Monday, January 15, 2007 ... 7:35 PM

The Tent Revue Top 10 Albums of Two Thousand Six

Yeah, late to the party. Last to the party. Everyone's gone home. But last year I never even finished my Top 10, so this feels like an achievement.

10) Grant-Lee Phillips - nineteeneighties
This is one of a few albums this year that felt like the closing of a full circle in my musical life. Grant-Lee was instrumental in my transformation from "everything except country and rap" to Say-It-Loud suburban hillbilly. Mighty Joe Moon's deep foggy Appalachian mythology (however counterfeit it feels now), the warbling pedal steel dream of "Lady Godiva and Me" -- these were my gateway drugs to American history and hard twang.

Meanwhile, the very songs that Grant-Lee covers on this latest album were my gateway drugs to black eyeliner and fishnet stocking quasi-Gothness. Here in deconstructionist acoustic arrangements, embellished only occasionally with Jon Brion-flavored keyboard textures, Grant-Lee exposes the essential silly-mopey emptiness of the songs, and fills the space with his butter velvet voice.

With a few exceptions, these tunes don't hold a match to Grant-Lee's most saccahrine self-penned songs (what John Doe called, to Grant-Lee's face, passive-aggressive good-natured, "woman worshipping songs"). But if Grant-Lee recorded an album of Andrew Lloyd Weber tunes, I'd probably listen even to that three times at least.

9) PJ Harvey - The Peel Sessions
It sags toward the end under the sopping weight of Polly's mid-career artsiness, but fresh versions of "Oh My Lover" and "Water" by the early trio, along with legendary non-album tunes like "Wang Dang Doodle," are as fiery and exciting today as 15 years ago, when I first heard "Sheela-Na-Gig" on the alt-rock radio and all my hair turned to lightning. This is how modern electric blues was meant to sound.

8) Old Crow Medicine Show - Big Iron World
They're the best country string band out there, even when they're doing a straight-up Dylan impersonation. Critter Fuqua -- who alone has a huge fanbase if my Google referrals are any indication -- figures largely across the album. Peculiar, since his ongoing commitment to the band has been guessed at since the last record, a few years ago. Is he in or is he out? I guess he's in.

7) Solomon Burke - Nashville
Tracking live in his living room, leaning on living room production values, Buddy Miller demystifies not only "Cry to Me" era Solomon Burke here, and classic Soul music with him -- but also Country music, The Nashville. So is the title ironic, or a "We're not CMA, but we are Nashville" sort of claim stake? Both I think.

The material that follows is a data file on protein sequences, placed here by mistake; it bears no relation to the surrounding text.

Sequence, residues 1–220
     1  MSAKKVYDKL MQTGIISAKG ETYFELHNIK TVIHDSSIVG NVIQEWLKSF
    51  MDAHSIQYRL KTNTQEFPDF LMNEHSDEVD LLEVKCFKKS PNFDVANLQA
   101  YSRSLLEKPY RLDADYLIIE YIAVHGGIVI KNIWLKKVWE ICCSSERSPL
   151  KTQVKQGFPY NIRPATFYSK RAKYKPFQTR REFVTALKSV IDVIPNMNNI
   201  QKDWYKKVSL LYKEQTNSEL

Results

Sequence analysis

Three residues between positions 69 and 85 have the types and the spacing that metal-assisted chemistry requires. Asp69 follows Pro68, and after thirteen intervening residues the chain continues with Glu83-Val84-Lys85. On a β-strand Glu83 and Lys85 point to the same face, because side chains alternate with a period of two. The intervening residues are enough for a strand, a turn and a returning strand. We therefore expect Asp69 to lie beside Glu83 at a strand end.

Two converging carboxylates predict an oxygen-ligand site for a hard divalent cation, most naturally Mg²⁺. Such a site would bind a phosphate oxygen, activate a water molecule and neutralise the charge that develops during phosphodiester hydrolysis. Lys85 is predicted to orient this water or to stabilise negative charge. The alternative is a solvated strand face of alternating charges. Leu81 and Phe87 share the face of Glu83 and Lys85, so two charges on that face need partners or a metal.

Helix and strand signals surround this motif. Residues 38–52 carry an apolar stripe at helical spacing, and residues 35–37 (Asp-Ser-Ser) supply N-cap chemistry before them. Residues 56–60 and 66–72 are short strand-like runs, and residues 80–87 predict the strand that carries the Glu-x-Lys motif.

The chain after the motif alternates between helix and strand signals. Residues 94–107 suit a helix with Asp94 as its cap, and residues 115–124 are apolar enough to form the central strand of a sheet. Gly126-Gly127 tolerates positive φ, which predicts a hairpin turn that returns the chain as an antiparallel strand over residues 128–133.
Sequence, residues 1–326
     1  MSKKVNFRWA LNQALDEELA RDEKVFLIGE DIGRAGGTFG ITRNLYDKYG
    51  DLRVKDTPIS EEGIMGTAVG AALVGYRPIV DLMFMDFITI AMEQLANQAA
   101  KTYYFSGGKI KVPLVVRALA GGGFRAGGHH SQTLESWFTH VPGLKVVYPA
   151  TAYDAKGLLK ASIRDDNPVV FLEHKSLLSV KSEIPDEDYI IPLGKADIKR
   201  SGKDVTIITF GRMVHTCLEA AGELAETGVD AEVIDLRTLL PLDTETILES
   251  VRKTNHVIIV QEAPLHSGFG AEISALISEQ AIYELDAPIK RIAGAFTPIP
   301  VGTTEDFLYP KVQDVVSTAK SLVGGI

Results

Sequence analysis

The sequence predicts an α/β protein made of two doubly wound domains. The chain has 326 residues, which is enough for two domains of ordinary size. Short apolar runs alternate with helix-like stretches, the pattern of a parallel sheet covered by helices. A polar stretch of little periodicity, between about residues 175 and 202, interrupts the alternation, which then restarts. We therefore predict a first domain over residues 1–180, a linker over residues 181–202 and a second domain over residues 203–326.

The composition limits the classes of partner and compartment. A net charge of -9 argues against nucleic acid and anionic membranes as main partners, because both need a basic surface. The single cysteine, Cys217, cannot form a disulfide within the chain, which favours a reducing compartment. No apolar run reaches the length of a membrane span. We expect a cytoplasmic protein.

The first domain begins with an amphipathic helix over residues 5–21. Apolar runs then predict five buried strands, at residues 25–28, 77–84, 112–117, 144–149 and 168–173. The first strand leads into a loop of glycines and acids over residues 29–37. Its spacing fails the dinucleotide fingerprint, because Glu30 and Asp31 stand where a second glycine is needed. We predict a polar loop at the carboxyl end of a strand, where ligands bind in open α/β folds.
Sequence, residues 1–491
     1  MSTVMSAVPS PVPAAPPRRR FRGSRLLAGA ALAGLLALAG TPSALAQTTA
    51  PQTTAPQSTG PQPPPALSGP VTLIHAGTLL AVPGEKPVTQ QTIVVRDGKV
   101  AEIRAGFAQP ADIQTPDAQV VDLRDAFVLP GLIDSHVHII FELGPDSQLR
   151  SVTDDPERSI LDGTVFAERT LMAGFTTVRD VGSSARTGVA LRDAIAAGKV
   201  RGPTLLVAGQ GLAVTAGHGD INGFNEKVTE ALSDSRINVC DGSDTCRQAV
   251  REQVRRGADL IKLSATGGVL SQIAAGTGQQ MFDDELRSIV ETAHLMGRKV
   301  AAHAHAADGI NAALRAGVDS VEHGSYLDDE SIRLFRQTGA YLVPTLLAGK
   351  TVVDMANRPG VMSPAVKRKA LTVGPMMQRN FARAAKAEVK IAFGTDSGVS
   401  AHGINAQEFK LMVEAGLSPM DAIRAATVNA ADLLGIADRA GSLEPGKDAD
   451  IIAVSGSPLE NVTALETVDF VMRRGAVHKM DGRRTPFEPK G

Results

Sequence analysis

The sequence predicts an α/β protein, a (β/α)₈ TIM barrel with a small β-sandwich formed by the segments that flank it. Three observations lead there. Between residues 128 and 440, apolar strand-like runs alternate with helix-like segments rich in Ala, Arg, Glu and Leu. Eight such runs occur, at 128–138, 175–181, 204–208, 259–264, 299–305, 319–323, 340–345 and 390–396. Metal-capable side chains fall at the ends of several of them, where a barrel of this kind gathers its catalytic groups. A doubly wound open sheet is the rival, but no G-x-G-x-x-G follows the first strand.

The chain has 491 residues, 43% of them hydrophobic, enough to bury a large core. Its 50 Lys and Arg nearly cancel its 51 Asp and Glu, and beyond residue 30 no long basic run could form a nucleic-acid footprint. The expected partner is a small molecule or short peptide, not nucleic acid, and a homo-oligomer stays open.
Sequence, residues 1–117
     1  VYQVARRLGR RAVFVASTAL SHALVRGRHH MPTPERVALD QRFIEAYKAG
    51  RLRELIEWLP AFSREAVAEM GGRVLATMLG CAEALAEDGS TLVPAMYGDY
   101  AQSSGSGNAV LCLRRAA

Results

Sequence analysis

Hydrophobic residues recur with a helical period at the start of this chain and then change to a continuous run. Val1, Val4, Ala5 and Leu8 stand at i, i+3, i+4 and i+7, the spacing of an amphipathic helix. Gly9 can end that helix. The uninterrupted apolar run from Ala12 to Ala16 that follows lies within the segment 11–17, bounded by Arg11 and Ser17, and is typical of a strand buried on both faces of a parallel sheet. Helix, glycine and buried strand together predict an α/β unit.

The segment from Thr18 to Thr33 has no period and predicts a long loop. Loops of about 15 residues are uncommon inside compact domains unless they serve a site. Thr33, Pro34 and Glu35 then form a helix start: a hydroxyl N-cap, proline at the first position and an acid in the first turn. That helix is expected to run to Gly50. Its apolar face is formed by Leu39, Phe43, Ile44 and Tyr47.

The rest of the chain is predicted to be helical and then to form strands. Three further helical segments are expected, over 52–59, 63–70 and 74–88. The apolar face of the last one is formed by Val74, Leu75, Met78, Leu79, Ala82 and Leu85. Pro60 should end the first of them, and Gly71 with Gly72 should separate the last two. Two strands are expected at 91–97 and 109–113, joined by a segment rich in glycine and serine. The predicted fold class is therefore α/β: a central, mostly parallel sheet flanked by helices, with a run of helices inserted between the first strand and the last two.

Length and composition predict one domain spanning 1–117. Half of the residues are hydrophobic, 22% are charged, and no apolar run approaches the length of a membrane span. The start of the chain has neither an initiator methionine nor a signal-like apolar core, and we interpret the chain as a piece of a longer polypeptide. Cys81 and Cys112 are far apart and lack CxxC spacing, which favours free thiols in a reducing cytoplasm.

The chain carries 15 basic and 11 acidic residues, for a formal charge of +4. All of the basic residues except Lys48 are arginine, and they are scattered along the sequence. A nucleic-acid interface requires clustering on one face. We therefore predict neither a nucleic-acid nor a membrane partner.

Burke's footing isn't sure straight through, and Buddy is characteristically lead-footed with the stereo buss compression, giving the record a mashed-down sensation -- but mostly Nashville shines with the brilliance its pedigree suggests. The Gillian Welch contribution, "Valley of Tears," is the peak (you might have guessed I'd say), showing up all but Tom T Hall, and reminding how badly we need a new Gillian album.

Even Patty Griffin comes up aces here, her Nilla Wafer of a voice sticking nice to Solomon's bristly gristle. It's too bad an artist can't make the marquis as a backup singer, because that, frankly, is Patty's calling.

I haven't taken Nashville down from the shelf very often, but even now I can feel the density of its austerity up there, between Junior Brown and The Byrds.

6) Tanya Donelly - This Hungry Life
A soundtrack for the weary adulthood arrival experience of my demographic -- white middle class extra-mainstream suburban. It buzzes with post-9/11 maternal anxiety, suggesting that at this point a marshmallow filling of pedal steel is all that holds us together.

And for me it feels like another closing circle. In high school, Belly was a favorite band, enough that I saw them a handful of times over the 2-album span of their touring career. I still have a King concert t-shirt. I didn't follow Tanya's solo career until now, but it's exciting to me discovering that this 'HFStival veteran and 120 Minutes also-ran has, since last we met, discovered a bunch of the same music that I have. She name checks Lucinda, and the pedal steel is on display, not an atmospheric effect, but a twanging bulge at the belly of her melanquirky Boston pop. Strongly recommended for the thirtysomething or near-to with a pair of Chuck Taylors in the closet. I can't vouch for the rest of you.